Hello and good morning! I think this is a first: me actually posting a Monday Morning Gamer post on an actual morning! (It’s 8:14 am here, for those wondering). Sure, pessimists might point to the fact that it is Tuesday instead of Monday, but I choose to look at the glass as half full!
Anyway, another shortish post for you this morning. I have a few thoughts on the new Empire book. I know it’s been out for a while already, but I didn’t do a proper post on it before so I’ll mention some thoughts now. Secondly, we have another installment of our Farewell to 5th painting challenge. We’ve hit a sizeable snag last week, which I’ll mention below, but most of us managed to push through and get some painting done. Lastly, just some thoughts on the way army selection works in our group currently. Nothing big, just some thoughts I’ve had while playing in our Blood in the Badlands campaign.
Let’s get to is, shall we?
Men of the Empire!
The Empire book has been out for a fair few weeks now and I thought I’d give you some of my thoughts on the army. This past weekend I’ve been trying to draw up some lists to see if I could make an army I’d see myself play with, some I’ve put some thought in it already. Of course, I haven’t played a game vs. the new book yet, so whatever I say here is all just theory! So here it goes, my thought on how I think Empire will work and what we’ll see once the dust settles:
-Multiple Warrior Priests will feature in every army. Empire is an army that relies on buffs to put it over the top, and none of these buffs come in such a handy package as they do in the warrior priest. A decent fighter (for empire standards), relative low cost, Hatred for the unit he joins, some handy innate bound spells, the ability to potentially generate extra dice in the magic phase, all make for a very versatile character that has a place in every Empire army.
- The best war machine in the game has just become the Volley Gun supported by an engineer. Using the Engineer’s BS of 4, coupled with his ability to reroll an Artillery Dice, will make the Volley Gun completely lethal. Put it in the centre of your line and opponents will be reluctant to advance to midfield. Drop one on a flank and you’ll have closed it off hermetically. Awesome combination.
- Buffs being so important for the army, I think the Hurricanum will see more use than the Luminark. 6+ ward save is nice, but not as nice as +1 to hit. Couple that with Hatred from the Warrior Priest and even lowly halberdiers will start to look fairly intimidating.
- Greatswords and Cannons are still a mainstay of the army.
- I have trouble seeing a place in the army for a Witch Hunter. His special rules aren’t bad, but with his limited equipment options, coupled with the fact he can’t ride a mount, I would think those Hero points are better spent on more Warriors Priests or a Wizard.
- I think “ Hold the Line” is a great new rule for Empire. Good, but not overpowered, and it’s something that definitely adds to the feel of the army on the tabletop. Well done, Cruddace!
Farewell to 5th painting challenge – week 2:
We’ve all gotten distracted last week. I completely did not realize that Diablo 3 was being released last week. That’s rather odd in and of itself since, like many others, I’ve been waiting for it to be dropped for years now. Still, it’s here and it’s been a popular game among the participants of this challenge. So much so that most of the free time we’ve had has gone into playing this game. Balephon managed to pour all his free time in this game (he does love his barbarian, he does), while Bra’Tac and myself managed to tear ourselves away from the game long enough to get at least something done. Oddly enough, we both employed the same time-saving technique to get stuff done. I believe the official term is “taking about 2-3 weeks’ worth of stuff to paint, assemble it and get at least a basecoat on it, so that you can put proper paint on it later and at least push the problem into the future”. Or it might be “ temporary solution”. Anyway, here’s a pic of Bra’Tac’s progress so far (together with The Game). As you can see, he’s getting good use out of his GW Hand Flamer-shaped spray gun.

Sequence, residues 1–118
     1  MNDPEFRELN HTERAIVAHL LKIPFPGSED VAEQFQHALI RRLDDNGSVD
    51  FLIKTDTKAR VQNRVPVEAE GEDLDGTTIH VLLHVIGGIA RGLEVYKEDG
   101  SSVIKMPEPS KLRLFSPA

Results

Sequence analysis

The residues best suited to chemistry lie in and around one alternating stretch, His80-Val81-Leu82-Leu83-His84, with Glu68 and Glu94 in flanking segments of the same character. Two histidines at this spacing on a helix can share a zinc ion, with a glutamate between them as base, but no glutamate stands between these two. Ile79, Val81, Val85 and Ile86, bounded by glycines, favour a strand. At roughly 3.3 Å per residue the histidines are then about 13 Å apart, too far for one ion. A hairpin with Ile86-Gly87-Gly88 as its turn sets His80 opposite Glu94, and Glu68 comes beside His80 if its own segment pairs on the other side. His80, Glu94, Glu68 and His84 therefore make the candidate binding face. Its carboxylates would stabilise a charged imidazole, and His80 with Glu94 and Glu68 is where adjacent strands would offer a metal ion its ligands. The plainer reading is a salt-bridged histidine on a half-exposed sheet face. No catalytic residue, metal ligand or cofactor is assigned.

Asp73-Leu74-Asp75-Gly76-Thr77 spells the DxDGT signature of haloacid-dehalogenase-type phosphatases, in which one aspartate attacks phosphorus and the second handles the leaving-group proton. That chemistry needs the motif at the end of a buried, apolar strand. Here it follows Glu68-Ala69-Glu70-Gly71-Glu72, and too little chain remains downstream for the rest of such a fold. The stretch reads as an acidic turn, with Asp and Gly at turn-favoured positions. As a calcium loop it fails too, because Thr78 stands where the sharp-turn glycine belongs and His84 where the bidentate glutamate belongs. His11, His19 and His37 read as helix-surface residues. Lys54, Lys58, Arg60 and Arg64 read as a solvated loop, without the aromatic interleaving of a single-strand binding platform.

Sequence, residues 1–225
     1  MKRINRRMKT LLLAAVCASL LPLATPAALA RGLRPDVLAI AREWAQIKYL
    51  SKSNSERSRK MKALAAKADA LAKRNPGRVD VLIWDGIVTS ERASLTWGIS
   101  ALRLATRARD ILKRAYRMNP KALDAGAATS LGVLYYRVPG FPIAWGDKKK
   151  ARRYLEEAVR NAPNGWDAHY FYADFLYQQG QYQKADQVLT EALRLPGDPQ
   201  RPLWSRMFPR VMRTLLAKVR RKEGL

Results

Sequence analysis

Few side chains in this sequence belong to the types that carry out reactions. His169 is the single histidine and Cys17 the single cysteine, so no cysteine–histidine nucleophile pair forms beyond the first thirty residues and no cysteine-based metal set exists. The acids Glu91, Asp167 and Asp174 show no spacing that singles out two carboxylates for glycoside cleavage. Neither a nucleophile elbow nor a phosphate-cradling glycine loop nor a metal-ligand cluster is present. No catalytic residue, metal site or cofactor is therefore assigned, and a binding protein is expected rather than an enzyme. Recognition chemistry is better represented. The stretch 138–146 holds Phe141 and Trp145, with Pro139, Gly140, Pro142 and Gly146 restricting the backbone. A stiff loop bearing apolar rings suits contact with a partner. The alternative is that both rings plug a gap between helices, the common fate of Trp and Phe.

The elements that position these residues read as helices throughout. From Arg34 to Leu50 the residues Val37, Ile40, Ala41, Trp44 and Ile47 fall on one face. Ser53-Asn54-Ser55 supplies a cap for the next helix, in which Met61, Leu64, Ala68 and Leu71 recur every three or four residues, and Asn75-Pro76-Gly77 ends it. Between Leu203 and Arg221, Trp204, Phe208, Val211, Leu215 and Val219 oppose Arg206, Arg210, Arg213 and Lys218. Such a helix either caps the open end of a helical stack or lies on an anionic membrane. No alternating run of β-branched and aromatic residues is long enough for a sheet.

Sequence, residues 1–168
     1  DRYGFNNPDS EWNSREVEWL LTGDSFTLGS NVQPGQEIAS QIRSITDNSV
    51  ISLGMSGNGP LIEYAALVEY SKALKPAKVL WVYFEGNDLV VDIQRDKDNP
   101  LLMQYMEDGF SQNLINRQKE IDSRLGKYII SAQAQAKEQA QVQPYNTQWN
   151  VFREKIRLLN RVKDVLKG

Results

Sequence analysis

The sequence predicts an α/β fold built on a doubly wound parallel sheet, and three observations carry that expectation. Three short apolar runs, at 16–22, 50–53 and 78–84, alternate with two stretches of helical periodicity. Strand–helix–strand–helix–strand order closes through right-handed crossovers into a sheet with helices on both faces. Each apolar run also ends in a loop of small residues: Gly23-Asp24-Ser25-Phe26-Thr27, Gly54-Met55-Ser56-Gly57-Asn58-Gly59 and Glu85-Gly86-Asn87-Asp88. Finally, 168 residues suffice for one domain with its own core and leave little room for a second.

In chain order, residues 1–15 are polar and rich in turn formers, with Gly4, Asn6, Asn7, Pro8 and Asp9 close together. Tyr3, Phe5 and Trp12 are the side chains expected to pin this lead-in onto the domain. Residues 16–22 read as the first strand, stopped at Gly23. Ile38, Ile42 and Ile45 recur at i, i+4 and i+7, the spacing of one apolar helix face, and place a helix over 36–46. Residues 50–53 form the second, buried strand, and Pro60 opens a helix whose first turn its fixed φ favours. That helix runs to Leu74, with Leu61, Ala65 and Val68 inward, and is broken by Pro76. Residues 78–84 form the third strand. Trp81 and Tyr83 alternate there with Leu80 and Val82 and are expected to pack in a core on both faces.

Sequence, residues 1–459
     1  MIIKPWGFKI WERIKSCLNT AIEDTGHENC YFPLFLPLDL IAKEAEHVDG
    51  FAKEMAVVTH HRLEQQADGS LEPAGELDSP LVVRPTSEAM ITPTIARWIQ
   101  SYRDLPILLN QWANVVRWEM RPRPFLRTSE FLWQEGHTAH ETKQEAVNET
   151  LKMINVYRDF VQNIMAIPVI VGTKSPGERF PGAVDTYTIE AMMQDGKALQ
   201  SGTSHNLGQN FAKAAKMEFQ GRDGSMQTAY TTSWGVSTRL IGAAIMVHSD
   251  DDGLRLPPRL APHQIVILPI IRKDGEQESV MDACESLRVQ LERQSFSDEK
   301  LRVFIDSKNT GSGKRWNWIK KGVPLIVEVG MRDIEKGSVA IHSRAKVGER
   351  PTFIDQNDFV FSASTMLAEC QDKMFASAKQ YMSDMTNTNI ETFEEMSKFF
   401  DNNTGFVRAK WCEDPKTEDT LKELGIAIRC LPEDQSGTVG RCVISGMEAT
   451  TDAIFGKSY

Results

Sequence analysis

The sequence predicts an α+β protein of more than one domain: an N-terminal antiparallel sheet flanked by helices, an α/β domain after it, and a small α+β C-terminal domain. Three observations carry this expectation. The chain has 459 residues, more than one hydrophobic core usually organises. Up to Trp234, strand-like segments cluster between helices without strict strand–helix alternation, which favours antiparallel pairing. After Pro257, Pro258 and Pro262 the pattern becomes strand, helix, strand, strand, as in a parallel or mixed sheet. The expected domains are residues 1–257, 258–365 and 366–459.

|Seriously, how cool is this army?|
And here’s my progress so far. 455 points worth of chaos space marines.
|Look Bra’Tac,no finger!|
As you may have noticed, they are sprayed metal. The reason for this requires a bit of an explanation. My friend Balephon plays Orks in 40k, and he has a lot of them, in various stages of assembly and painting. I’m always amazed at how big a big Ork army looks and about a year ago I asked him how many points he had. Like any gamer who’s been collecting an army for years, he did not know exactly, but he figured it was somewhere around the 10k mark. Then, being the nice chap he is, he returned the question. How many points worth of space marines did I have?
I did not know.
But I’m always up for a good hobby challenge, so I decided to see how far I’d get if I tried to line up all the space marines I had in official Space Marine Companies. To my astonishment I realized I could field two complete companies and half of both the First company and the Eight company (Veterans and Assault marines, respectively). This was actually quite a shock because up until then I’d always kept my marines in various different containters, never seeing them all together. What was most shocking was that most of the collection was unpainted!
I decided then and there that I needed to do something about that. Now, even I realize that I will never be able to paint 400 marines to a high standard and finish before the turn of the century, so I decided on a simpler method. I would spray the models metal, paint some details and then wash them liberally with either GW’s Devlan Mud (old range) or Army Painter. Like always, I managed to stick to this project for about as long as it took for someone to wave something shiny in front of my eyes, but the idea has stuck.
So, long story short, I’ve decided to use these following weeks to make some more progress in my Space Marine department. I’ll expect these 20 marines to be done by next week! There, I’ve put it in writing!
Army Selection thoughts
The way we (our group) normally choose our armies in Warhammer Fantasy is based mostly on the way army selection is dictated by the tournaments we play. Over the years we’ve been going to plenty of tournaments and we’ve come to a mutual understanding that every game we play should in some way prepare us for the next tournament. Nothing wrong with this, obviously, but I thought I’d take a moment to look at the three major restrictions we impose on ourselves and see if there’s room for change. Or something thing.